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German foreign minister poses challenge to South Africa over its position on Russian war effort

German foreign minister poses challenge to South Africa over its position on Russian war effort

JOHANNESBURG (AP) — Germany’s foreign minister on Tuesday called for Russia “to stop the bombing” of Ukraine, a pointed message during a visit to South Africa as it draws accusations of aiding Moscow’s war effort.

Annalena Baerbock’s challenge came during a one-day visit to Pretoria that had been framed largely as focused on energy and climate issues.

But South Africa’s position on the war in Ukraine has been under close scrutiny since U.S. Ambassador Reuben Brigety alleged that South Africa secretly loaded weapons onto a Russian ship that docked at a naval base near Cape Town in December.

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Those allegations sparked serious concerns among South Africa’s Western allies over its position on the war. U.S. lawmakers have even called for some kind of punishment for Africa’s most-developed economy for what they view as its pro-Russian stance.

The South African government says it is neutral in the war in Ukraine and denies that an arms shipment was sent to Russia. But South African President Cyril Ramaphosa has ordered an investigation into the visit last year of the Lady R Russian cargo ship, which is under U.S. sanctions for allegedly transporting weapons for the Russian government.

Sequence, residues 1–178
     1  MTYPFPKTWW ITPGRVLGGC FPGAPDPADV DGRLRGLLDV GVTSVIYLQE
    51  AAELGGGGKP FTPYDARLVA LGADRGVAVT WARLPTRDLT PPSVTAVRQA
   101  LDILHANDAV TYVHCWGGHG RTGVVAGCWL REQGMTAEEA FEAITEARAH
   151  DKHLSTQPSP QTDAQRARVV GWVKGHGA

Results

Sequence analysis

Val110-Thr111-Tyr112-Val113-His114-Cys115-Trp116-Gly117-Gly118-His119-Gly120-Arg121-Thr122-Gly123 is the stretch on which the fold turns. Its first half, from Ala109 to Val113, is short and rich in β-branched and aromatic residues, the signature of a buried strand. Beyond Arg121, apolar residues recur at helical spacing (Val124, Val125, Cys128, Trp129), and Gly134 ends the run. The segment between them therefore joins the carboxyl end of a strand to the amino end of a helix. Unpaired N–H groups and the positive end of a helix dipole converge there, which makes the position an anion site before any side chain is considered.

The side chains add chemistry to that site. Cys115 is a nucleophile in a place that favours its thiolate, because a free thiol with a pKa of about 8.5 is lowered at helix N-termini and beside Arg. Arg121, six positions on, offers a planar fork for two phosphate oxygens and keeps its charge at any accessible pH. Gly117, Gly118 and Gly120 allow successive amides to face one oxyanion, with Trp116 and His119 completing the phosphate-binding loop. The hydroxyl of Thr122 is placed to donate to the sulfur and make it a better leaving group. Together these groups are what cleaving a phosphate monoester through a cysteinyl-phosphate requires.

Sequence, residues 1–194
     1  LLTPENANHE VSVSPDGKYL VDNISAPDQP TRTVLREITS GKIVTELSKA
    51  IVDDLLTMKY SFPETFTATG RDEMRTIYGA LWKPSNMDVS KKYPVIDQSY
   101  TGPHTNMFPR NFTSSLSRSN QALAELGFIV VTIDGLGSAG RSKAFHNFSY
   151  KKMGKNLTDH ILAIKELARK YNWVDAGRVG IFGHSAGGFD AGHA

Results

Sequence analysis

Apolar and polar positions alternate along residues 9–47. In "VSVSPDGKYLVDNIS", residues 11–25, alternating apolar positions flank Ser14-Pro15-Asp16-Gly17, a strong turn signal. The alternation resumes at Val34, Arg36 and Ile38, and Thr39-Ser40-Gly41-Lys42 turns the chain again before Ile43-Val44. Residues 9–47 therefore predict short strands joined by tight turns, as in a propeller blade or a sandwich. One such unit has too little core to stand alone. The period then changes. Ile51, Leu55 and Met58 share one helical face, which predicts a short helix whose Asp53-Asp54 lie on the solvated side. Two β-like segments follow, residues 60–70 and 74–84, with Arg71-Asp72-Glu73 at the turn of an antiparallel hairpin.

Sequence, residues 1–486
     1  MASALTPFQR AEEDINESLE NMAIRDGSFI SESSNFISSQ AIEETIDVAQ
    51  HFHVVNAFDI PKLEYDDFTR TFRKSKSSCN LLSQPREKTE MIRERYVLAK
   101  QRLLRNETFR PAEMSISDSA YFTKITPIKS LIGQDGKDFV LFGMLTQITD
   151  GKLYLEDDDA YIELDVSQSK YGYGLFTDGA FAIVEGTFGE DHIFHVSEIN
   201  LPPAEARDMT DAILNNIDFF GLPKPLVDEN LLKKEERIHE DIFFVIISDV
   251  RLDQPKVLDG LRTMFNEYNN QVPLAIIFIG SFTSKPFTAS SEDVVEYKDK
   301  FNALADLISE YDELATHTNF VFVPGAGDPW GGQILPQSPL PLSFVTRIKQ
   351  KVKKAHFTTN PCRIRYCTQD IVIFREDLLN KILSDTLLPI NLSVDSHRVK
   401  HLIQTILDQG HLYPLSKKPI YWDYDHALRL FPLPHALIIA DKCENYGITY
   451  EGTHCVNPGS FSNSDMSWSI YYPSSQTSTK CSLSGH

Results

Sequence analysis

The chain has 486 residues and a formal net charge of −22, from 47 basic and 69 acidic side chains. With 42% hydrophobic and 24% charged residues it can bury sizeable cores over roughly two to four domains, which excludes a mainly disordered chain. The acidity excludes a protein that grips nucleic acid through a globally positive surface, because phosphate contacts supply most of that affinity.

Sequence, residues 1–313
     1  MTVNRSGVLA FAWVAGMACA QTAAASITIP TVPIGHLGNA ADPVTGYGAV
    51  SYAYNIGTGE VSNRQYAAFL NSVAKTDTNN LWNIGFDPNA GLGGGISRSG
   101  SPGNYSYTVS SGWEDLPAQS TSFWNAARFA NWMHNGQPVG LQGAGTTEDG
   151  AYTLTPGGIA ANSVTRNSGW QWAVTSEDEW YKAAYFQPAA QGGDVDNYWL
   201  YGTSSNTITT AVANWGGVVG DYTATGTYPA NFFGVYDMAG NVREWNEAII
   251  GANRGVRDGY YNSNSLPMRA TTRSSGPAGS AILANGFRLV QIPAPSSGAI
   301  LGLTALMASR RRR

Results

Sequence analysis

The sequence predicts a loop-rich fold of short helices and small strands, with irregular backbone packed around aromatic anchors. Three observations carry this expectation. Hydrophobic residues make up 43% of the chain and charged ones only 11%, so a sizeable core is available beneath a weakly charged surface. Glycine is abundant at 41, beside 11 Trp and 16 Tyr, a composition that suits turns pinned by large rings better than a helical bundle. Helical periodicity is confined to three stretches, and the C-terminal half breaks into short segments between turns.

Baerbock didn’t directly refer to the weapons allegations when making comments alongside South African Foreign Minister Naledi Pandor ahead of their meeting Tuesday. But she said that the rising food and oil prices that are sparking hardship across the African continent were the result of Russia’s illegal invasion of Ukraine.

“For this suffering to end, the war must end,” Baerbock said. “For the war to end, Russia must stop the bombing and withdraw its soldiers. This war is an attack on the U.N. charter, on the very rules that bind and protects us all.”

Pandor referred to the “very substantial” relationship between South Africa and Germany. Germany is South Africa’s third biggest trade partner behind China and the U.S.

“South Africa and Germany share many common values on matters of peace and security, human rights, climate change, sustainability and economic development,” Pandor said.

South Africa has scrambled to protect its international reputation and its relationships with Western partners following Brigety’s accusations in May.

The country also faces possible diplomatic peril in August that might further strain relationships with the West when it hosts a summit of the BRICS bloc of emerging economies that is made up of Brazil, Russia, India, China and South Africa.

South Africa has invited Russian President Vladimir Putin to attend the summit even though he is the subject of an arrest warrant from the International Criminal Court for alleged war crimes over the abduction of children from Ukraine.

South Africa is a signatory to the ICC treaty and is obliged to arrest Putin should he set foot on the country’s territory, but has not committed to doing that.

A top official with South Africa’s ruling ANC party has said it would “welcome” Putin.

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